Austin, Texas
March 12, 2007

Honorable Jerry Madden, Chair, House Committee on Corrections
John S. O'Brien, Director, Legislative Budget Board
HB2611 by Madden (Relating to the eligibility of certain inmates of the Texas Department of Criminal Justice for medically recommended intensive supervision.), As Introduced

Estimated Two-year Net Impact to General Revenue Related Funds for HB2611, As Introduced: a positive impact of $1,150,675 through the biennium ending August 31, 2009.

The bill would make no appropriation but could provide the legal basis for an appropriation of funds to implement the provisions of the bill.

Fiscal Year Probable Net Positive/(Negative) Impact to General Revenue Related Funds
2008 $541,048
2009 $609,627
2010 $553,636
2011 $562,705
2012 $572,445

Fiscal Year Probable Savings/(Cost) from
Probable Savings/(Cost) from
2008 $541,048 ($344,834)
2009 $609,627 ($343,156)
2010 $553,636 ($343,156)
2011 $562,705 ($343,156)
2012 $572,445 ($343,156)

Fiscal Analysis

The bill would amend the Medically Recommended Intensive Supervision (MRIS) section of the Government Code by allowing for offenders required to register as sex offenders to be released on medically recommended intensive supervision. The provision would apply to a Texas Department of Criminal Justice (TDCJ) inmate who has a medical condition of terminal illness or long-term care.  The bill would take effect September 1, 2007. 


Sex offenders are currently prohibited from MRIS consideration. It is estimated that approximately 12 terminally ill sex offenders would be eligible for MRIS consideration annually under the provisions of the bill. This estimate is based on the average number of terminally ill sex offenders referred for MRIS consideration prior to the adoption of legislation that excluded sex offenders from MRIS consideration. In a previous study by TDCJ's Correctional Managed Health Care it was reported that the most seriously ill offenders were hospitalized for an average of 107 days. The average cost for this care was $1,020 per day.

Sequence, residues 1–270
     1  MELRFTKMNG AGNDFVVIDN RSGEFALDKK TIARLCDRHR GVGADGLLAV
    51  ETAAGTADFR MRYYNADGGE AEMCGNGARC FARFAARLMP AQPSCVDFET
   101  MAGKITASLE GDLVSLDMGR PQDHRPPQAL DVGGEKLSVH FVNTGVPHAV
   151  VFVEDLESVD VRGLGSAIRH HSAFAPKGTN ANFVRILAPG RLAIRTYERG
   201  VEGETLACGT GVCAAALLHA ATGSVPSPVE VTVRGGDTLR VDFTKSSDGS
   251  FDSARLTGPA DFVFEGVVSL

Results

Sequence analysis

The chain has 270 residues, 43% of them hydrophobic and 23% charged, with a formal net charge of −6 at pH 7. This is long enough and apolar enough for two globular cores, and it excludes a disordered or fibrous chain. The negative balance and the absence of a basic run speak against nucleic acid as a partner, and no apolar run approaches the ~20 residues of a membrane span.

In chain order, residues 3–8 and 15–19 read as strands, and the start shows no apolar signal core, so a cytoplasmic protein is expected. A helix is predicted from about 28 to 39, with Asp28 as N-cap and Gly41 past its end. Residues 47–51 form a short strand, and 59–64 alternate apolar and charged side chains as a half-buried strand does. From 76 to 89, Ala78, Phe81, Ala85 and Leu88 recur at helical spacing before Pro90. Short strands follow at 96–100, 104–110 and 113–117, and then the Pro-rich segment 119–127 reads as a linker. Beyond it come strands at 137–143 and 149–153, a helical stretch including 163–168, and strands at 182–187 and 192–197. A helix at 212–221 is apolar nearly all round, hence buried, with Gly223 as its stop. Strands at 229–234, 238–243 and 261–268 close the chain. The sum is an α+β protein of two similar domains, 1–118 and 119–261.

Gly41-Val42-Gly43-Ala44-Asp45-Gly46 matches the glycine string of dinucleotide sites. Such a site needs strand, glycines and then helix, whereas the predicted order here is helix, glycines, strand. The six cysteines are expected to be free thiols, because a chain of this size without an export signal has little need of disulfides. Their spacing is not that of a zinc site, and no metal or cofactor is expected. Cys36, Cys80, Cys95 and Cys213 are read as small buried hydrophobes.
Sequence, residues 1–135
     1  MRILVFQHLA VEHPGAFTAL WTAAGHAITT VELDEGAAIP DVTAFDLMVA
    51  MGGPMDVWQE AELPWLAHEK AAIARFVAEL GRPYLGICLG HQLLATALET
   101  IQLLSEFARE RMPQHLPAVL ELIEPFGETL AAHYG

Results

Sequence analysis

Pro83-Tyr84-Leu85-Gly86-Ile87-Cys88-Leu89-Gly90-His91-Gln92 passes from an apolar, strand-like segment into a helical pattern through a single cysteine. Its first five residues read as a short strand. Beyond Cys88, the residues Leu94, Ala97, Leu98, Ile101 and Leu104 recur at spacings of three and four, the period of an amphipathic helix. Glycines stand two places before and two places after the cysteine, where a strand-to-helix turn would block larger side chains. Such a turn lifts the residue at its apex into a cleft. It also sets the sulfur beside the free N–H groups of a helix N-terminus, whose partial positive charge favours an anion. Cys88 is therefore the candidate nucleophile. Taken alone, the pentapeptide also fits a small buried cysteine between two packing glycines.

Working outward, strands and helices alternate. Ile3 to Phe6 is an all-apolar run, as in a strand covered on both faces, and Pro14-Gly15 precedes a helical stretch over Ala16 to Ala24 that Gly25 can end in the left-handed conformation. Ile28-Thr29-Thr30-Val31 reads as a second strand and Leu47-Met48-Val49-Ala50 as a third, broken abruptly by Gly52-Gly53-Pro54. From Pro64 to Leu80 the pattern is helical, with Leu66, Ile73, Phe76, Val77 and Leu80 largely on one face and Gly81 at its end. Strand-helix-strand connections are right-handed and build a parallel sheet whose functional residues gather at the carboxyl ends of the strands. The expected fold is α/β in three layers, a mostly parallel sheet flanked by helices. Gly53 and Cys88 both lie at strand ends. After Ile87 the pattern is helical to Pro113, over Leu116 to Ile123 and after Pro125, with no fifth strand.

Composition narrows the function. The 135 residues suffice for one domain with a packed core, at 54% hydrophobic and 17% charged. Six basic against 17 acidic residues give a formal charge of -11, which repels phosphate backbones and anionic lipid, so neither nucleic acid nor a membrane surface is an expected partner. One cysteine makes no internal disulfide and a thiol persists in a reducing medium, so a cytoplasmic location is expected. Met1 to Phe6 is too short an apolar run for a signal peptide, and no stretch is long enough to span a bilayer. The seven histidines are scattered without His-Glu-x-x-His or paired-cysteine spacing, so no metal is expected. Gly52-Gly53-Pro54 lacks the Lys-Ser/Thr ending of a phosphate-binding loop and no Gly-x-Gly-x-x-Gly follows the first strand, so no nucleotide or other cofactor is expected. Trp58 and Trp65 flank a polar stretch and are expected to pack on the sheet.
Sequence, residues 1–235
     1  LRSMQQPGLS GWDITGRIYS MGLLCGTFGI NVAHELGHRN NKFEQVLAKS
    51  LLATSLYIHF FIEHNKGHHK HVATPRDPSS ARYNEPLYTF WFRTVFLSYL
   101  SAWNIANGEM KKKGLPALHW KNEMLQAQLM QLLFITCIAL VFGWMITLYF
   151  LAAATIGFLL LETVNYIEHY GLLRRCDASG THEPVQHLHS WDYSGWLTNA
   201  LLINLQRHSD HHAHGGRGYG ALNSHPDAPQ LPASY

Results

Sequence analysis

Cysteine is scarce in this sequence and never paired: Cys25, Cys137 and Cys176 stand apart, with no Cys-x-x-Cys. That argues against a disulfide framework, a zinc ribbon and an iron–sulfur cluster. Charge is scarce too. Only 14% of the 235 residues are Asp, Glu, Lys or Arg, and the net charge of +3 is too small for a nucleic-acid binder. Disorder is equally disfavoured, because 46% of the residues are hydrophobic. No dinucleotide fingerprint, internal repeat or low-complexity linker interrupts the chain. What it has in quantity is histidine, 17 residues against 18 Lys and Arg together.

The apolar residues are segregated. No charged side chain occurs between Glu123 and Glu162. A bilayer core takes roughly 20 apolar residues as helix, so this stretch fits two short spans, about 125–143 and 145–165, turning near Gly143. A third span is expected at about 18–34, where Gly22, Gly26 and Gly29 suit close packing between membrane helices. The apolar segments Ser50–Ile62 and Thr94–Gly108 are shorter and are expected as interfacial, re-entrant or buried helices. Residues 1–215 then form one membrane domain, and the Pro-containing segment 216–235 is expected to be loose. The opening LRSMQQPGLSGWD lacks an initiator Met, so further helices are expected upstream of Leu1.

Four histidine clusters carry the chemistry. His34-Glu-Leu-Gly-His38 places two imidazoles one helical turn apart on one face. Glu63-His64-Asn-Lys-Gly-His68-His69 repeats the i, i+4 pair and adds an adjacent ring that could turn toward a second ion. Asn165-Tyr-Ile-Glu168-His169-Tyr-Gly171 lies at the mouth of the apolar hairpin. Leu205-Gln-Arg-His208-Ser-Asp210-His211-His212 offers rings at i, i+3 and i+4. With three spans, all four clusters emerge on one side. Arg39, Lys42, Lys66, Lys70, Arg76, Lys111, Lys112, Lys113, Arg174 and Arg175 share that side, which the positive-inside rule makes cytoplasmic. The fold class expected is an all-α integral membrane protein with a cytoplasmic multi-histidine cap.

Cost savings are based on the assumption that TDCJ would avoid one year of medical treatment costs for the sex offenders released on MRIS. This cost avoidance would include 54 days of hospitalization (half the number of hospital days of a seriously ill offender) plus 311 days of daily outpatient care per inmate. The savings estimate also assumes that these offenders would be eligible for Medicaid and Medicare if released on MRIS. The projected federal government portion of nursing home costs for Medicaid beneficiaries is 60.55 percent, and the state’s portion is 39.45 percent for state fiscal year 2008. For fiscal years 2009 to 2012, the projected federal government portion for nursing home costs is 60.04 percent, and the state’s portion is 39.96 percent.  The average daily costs for nursing home care is $105.43. The Medicare Premiums and Acute Care costs are estimated at $689.28 per month for fiscal years 2008 to 2012 and the Prescription Drug (Clawback) cost is estimated at $72.96 per month for fiscal years 2008 to 2012. Cost savings reflected in this analysis indicate savings from the reduction of expenditures by TDCJ Correctional Managed Health Care for the released offenders’ health care which would range from $765,717 to $838,017 per fiscal year. The increase in expenditures by the Texas Department of Aging and Disability Services (DADS) to pay the state’s share of Medicaid for the released offenders would range from $224,669 to $228,390 per fiscal year. Federal Fund expenditures would increase to pay for the federal government’s share of nursing home costs. 
After five years of cumulative impact, fiscal implications would continue as long as the provisions of the bill are implemented.

Local Government Impact

No fiscal implication to units of local government is anticipated.

Source Agencies:
696 Department of Criminal Justice
LBB Staff: